The Corinne Costin Gibson Memorial Library in Port St. Joe has a new high tech tool for public use.

 

The Corinne Costin Gibson Memorial Library in Port St. Joe has a new high tech tool for public use.

Through a grant, the Northwest Regional Library System (NRLS) was able to purchase three 3D printers for libraries in Port St. Joe, Liberty County and Bay County.

The printers allow users to input a design file into the machine which then heats the plastic and builds a 3D design through a layering system.

After receiving the printer, one of the requirements of the grant was to hold a STEM course using the printer.

Recently the library wrapped up its first-ever robot building class in which they used the new printer to make the chassis of the robot.

“It (the printer) brings new technology, new skills and a new way of sharing (to the library),” said Nancy Brockman, the Gulf County Coordinator for the NRLS.

At a workshop last week dealing with the printer, Brockman explained various programs that a person could use to utilize the printer.

One of those programs is a website called “Tinkercad.”

“Tinkercad” is a free site that allows a user to design an object with an easy-to-use computer-aided design program and then export that design in the form of a file that can be used with 3D printers.

Another resource Brockman discussed was “Thingiverse.”

“Thingiverse” is a website where 3D printer users can go to find already created designs.

Many of those designs are open-sourced and therefore free to the public to use for non-commercial uses.

“To me, it’s been amazing to learn about this digital community,” said Brockman.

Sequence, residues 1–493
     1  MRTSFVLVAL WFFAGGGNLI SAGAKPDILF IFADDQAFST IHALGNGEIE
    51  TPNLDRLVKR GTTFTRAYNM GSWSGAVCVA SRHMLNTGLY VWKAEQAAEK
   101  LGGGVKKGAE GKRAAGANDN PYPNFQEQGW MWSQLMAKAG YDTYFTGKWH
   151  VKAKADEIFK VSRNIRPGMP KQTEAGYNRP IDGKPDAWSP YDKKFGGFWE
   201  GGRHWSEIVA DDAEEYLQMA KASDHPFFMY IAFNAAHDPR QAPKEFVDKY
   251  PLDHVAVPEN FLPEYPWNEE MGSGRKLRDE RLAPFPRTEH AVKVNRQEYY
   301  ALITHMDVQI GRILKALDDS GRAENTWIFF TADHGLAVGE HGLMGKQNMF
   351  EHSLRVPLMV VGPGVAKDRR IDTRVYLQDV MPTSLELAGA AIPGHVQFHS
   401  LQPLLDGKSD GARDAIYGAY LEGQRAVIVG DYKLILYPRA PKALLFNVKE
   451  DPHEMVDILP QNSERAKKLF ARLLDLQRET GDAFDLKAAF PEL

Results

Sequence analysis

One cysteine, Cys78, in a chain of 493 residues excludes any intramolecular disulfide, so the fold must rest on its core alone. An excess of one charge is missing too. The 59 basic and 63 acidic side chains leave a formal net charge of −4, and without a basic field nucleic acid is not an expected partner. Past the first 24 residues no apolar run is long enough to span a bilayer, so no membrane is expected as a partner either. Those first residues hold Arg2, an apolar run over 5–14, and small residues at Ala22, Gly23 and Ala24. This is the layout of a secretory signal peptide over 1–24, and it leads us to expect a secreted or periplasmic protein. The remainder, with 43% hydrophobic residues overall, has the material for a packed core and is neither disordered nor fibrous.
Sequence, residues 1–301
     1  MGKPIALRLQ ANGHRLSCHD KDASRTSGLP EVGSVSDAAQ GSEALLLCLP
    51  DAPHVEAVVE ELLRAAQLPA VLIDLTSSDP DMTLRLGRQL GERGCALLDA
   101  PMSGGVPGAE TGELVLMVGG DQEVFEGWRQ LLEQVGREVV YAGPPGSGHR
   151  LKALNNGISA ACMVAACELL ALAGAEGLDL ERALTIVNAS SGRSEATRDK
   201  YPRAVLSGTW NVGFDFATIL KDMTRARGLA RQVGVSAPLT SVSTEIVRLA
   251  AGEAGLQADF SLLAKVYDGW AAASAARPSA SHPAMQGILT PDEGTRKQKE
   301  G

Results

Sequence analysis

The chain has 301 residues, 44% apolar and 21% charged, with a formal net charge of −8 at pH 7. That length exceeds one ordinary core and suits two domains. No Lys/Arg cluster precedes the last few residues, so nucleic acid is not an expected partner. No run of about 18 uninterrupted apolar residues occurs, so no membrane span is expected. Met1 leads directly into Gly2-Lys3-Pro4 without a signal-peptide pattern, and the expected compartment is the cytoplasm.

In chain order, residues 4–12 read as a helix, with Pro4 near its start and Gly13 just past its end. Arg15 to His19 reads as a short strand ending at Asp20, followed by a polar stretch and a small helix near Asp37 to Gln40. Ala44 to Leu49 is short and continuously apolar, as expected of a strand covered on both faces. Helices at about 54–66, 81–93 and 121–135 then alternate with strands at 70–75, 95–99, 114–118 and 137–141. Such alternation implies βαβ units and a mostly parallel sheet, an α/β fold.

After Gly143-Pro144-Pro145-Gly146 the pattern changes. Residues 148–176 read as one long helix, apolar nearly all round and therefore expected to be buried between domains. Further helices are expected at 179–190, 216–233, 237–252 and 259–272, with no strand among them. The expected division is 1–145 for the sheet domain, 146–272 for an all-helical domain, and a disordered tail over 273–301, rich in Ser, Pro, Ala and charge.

While she is excited to have the new equipment available, Brockman is still trying to figure out the best way to utilize the equipment for public use.

The printer will take up valuable staff time during operation and questions to what it can be used for have been raised.

Brockman wants to keep the printer as an educational tool and not turn the valuable machine into a toy maker.

“We’re trying to find that balance,” said Brockman. “My goal for Gulf County is to create a venue where the community gathers to learn, discover, create, and share knowledge. Having a resource like the 3D printer helps us work towards this goal.”

Advanced 3D printing has many valuable uses with examples including automobile and aircraft manufacturing, medical uses and use in the construction industry.

Brockman brought in her own 3D printer dental model that her dentist used during a recent procedure.

While the device has large potential, Brockman said that she and the staff at the library are still learning; before adding that the library staff is ready to print files and instruct users how to print as well.

“We’re still learning and some parts worked better than other,” Brockman said. “If people want to get on and find files, then we will give it a go and learn together.”

Brockman added that the files must be in an STL. File format.

While the service is now free because of the funds remaining from the grant, when those funds expire a fee of 5 cents per gram of filament used will be charged for use.

That fee would cover the purchase of additional spools of biodegradable PLA filament used in the process.

Brockman also added that the library is looking to set aside two nights per week for printer use and encouraged potential users to use the library’s Book-a-Librarian program so that they can receive one-on-one instruction.